Reviving Salmagundi

Claiborne and All Who Sailed in him (honestly, I can’t count how often I’ve wanted to kick that pontifical old queen under the table) declared, “There is something about the word ‘salmagundi’ that has an unmistakable appeal for savants with a leaning toward gourmandism.”

I have no ambition of being a savant, much less one learning towards gourmandism. Like many others, I simply find salmagundi—like pettifoggery, kittywampus, or hullabaloo—a word I want to pick off the page, cuddle, and tease with a string.

The dish is just as playful, actually, not so much a dish as it is a presentation like an antipasto or a smorgasbord, of a selection of cold vegetables, pickles, meats, and fruit mounded on a tray.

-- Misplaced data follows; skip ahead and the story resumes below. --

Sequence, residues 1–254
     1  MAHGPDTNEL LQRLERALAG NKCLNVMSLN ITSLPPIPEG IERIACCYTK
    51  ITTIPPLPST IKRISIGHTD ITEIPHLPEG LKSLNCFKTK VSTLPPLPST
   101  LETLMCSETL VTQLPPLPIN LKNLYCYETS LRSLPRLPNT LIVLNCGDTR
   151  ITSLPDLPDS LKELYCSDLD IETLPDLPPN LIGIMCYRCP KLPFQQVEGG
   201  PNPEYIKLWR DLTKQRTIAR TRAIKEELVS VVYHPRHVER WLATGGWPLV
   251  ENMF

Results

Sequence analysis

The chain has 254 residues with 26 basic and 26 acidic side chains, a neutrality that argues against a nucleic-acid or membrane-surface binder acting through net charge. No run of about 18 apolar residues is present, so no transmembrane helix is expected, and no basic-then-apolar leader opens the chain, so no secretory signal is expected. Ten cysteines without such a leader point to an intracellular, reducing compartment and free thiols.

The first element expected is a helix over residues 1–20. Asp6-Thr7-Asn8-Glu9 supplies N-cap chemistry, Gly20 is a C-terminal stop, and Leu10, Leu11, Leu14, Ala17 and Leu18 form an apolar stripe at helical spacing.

By precedent, you want your meat, cold poached chicken atop salad greens ringed with pickles, cooked eggs, raw or blanched vegetables, citrus, nuts, sausages, and cold fish—anchovies are a classic addition, but I like smoked salmon, too.

Pretty much anything goes with the notable exception of cheese, which isn’t included in any reliable historic recipe.

Sardine Salad

Take Port Clydes in oil, drain, drizzle with lemon juice and salt, and put them in the refrigerator to chill. Serve with gherkins, celery, onions, and boiled/pickled eggs. Dill toast is wonderful, but rye Melba will suffice, and saltines will do any time at all.